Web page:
Where are rates going short term (6-12 months) and long term (2-5 years)?
Both are easy questions to answer. UP! But you know that already.
Very recently, rates have crept up about .50% higher than where we were only two short months ago. Those rate increases were due to strong global economic data, much of it coming from the U.S. and European countries.
Whenever we hear of strong employment numbers being posted in the U.S. along with higher consumer confidence and higher retail sales, rates are going up – and that they did. The five-year fixed rate (which 80% of Canadians opt for and have for a mortgage) leapt up every week for a four-week period in June, finally landing in the 3.39-3.59% range.
This from a 2.89% average prior to that date, is an increase of $78/month on a $300,000 mortgage payment with a five-year fixed and a 25-year amortization. Direct interest costs to the consumer would be an average of $4,680 over the five-year term.
The funny thing is, that’s not the bad news, and it’s going to get “worse”.
As one financial expert put it, “Mortgage costs are going to from extremely cheap to just cheap.”
To put it mildly, the rooster is finally coming to roost as he’s been on holiday for five years, meaning interest rates are finally heading to the normalized range, which is 5-6% based on the 25-year average prior to the 2009 recession.
But those are in the two to five-year range, short-term, we’ll see rates rise back in to the 4% level, and there are a few factors that are going to make that happen, and it’s not just economic data, it’s the government’s plan to slow/cool the Canadian housing market values.
First is to make it more difficult for the consumer to buy a house, hence all these seemingly ‘doable’ deals collapsing, when they would have been approved only a short couple of years ago. They haven’t increased down payment rules from 5% to 10% (that’s an economy killer and they wouldn’t do that, so don’t expect it), but they are declining those seemingly worthy under the ‘guidelines’ saying they need either 10% down payment or a qualified familial co signer – that’s their way of saying a soft no.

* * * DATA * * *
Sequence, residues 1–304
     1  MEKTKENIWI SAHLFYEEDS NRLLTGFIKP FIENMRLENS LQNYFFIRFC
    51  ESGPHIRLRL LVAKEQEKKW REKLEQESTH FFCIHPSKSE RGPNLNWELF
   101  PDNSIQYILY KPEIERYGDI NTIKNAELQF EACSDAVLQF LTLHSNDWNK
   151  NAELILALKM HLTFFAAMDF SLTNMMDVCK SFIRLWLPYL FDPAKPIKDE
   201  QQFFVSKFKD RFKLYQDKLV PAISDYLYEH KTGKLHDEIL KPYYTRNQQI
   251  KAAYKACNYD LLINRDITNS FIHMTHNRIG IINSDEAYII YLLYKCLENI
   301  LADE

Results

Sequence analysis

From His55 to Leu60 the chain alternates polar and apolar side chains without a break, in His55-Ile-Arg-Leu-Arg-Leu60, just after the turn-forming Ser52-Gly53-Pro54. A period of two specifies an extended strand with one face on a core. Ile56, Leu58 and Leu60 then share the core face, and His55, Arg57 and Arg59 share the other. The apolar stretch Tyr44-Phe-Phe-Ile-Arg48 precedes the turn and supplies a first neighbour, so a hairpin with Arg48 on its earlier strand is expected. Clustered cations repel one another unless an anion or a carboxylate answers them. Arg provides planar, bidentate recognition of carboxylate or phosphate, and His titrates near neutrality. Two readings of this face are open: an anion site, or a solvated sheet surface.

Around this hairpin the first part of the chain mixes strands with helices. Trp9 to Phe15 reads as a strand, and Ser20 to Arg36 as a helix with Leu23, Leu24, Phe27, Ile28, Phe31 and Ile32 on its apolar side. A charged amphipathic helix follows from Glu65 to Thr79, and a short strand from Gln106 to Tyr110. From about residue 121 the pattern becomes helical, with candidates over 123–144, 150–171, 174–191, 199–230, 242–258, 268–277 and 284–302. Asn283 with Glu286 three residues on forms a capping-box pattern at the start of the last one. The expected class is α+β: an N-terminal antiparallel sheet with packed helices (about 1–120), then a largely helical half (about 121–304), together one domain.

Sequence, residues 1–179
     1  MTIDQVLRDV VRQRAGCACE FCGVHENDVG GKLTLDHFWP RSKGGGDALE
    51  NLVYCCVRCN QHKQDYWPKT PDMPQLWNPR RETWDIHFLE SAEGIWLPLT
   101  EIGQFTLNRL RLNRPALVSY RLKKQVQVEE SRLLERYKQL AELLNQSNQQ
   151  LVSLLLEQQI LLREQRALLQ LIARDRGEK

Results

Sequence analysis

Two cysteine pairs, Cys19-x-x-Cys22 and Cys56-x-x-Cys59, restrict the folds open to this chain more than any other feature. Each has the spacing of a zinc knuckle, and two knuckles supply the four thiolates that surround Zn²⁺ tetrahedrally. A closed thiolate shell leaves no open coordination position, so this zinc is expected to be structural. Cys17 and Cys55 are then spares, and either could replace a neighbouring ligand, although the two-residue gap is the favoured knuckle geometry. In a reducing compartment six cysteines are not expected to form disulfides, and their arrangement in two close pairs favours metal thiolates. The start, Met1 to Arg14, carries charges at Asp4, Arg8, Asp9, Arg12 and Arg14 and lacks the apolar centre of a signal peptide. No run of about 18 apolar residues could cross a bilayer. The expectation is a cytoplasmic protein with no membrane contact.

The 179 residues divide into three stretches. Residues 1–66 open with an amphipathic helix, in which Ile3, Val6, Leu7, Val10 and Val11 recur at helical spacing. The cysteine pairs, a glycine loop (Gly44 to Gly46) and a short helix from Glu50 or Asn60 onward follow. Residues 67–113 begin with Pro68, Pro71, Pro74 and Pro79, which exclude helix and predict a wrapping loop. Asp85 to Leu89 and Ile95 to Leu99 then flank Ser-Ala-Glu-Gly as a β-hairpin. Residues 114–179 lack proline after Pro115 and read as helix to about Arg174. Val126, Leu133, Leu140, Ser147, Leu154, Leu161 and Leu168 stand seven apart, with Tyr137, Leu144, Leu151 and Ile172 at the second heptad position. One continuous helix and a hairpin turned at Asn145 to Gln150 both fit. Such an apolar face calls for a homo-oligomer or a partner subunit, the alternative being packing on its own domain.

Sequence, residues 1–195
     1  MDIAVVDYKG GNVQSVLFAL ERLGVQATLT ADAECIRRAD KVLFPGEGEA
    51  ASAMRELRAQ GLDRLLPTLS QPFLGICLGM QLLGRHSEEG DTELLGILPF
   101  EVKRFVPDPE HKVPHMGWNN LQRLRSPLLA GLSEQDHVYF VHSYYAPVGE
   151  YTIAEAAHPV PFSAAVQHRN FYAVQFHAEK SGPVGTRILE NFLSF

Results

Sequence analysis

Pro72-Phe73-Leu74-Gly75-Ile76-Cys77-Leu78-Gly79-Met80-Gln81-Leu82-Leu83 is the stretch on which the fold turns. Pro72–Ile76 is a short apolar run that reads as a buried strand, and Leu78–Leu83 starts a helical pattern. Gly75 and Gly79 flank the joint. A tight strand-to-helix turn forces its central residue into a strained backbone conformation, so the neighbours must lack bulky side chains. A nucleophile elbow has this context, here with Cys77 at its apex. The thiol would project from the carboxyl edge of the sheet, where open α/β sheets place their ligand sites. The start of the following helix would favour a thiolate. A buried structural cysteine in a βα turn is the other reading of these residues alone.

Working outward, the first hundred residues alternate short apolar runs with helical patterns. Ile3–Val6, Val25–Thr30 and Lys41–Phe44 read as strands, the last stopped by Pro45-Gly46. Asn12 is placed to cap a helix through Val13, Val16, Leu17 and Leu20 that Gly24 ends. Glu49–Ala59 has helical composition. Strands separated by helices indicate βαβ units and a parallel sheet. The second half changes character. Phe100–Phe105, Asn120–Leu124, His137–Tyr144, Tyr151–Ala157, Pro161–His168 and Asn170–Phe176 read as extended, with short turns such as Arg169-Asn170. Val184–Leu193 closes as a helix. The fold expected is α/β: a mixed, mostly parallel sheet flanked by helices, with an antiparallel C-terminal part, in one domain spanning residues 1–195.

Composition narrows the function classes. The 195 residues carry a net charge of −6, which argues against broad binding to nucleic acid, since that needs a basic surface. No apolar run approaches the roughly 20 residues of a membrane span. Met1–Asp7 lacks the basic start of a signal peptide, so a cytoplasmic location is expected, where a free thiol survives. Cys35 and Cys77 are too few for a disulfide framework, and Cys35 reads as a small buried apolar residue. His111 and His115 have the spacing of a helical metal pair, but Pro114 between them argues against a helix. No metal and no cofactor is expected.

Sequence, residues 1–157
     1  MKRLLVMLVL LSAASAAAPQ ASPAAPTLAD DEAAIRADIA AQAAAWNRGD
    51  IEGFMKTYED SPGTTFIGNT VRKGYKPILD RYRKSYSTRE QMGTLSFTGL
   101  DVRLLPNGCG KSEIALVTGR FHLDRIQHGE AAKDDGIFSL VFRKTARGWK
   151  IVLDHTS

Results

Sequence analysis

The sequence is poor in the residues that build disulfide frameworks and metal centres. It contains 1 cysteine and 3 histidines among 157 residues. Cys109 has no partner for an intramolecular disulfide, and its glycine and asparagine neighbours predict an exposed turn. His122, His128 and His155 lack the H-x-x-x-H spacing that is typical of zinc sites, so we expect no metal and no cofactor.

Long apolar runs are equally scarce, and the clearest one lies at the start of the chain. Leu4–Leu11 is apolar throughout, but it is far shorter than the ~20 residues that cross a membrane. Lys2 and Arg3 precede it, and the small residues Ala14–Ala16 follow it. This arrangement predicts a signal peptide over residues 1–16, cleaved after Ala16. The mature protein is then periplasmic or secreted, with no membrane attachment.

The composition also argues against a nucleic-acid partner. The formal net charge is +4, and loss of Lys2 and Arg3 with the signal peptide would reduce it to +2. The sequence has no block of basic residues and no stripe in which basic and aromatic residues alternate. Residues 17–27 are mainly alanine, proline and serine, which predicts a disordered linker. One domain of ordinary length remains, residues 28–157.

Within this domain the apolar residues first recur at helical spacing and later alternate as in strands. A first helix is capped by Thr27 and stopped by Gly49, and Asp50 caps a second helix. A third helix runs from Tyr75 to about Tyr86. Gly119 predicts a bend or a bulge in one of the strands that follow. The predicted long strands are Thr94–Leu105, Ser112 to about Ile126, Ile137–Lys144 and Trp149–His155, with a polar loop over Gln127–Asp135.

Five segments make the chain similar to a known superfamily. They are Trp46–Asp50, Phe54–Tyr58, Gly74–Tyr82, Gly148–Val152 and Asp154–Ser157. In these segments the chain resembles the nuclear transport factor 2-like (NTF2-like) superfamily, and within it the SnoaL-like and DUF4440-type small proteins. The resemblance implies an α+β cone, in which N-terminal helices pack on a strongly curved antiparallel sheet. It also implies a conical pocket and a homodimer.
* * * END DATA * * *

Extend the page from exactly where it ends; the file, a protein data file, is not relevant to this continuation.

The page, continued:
Second – this one is more difficult to explain – but to put it simply, lenders are using up too much mortgage insurance. They aren’t only using mortgage insurance (CMHC and the like) to insurer mortgages with less than 20% down payment, they are buying up mortgage insurance on the back end to better protect themselves and their investors, and most of the lenders are doing this.
They are paying for the insurance themselves, and not charging the consumer, and this makes it easier for them to get investors on side with the mortgages as security as they are basically riskless to them (CMHC is government-backed, which means backed by Canadian Taxpayers). Apparently the government budgeted for a maximum amount of $85 billion in CMHC insured mortgages for 2013, as of end of July the lenders had insured $66 billion, and we have five months to go.
So they’ve recently set in place a maximum of $350 million for each lender. This means that lenders will have to find other sources of cheap ways to secure their mortgages, and this likely means a higher cost to them, which will be passed on to the consumer.
Ultimately we get upset every time there’s a rate increase, so the 2.89% -3.39% increases were drastic. But just wait for the fall (OR SOONER) as we’ll likely see rates increasing to the 3.7-4% range, then 3.39-3.54% will be a heck of a deal.
Best thing is to be prepared for what’s to come, as a consumer that is in the market for a home, now is the time for a pre-approval to get your rate locked in for 90-120 days as many experts are expecting rates to increase from another 20-80 bps in the short term.
Meaning as high as 4.20% for a five-year fixed, that could be the difference in qualifying for a $300,000 home today, to only qualifying for a $240,000 mortgage at the 4.2% range.
Jean-Guy Turcotte is an Accredited Mortgage Professional with Dominion Lending Centres Regional Mortgage Group in Red Deer.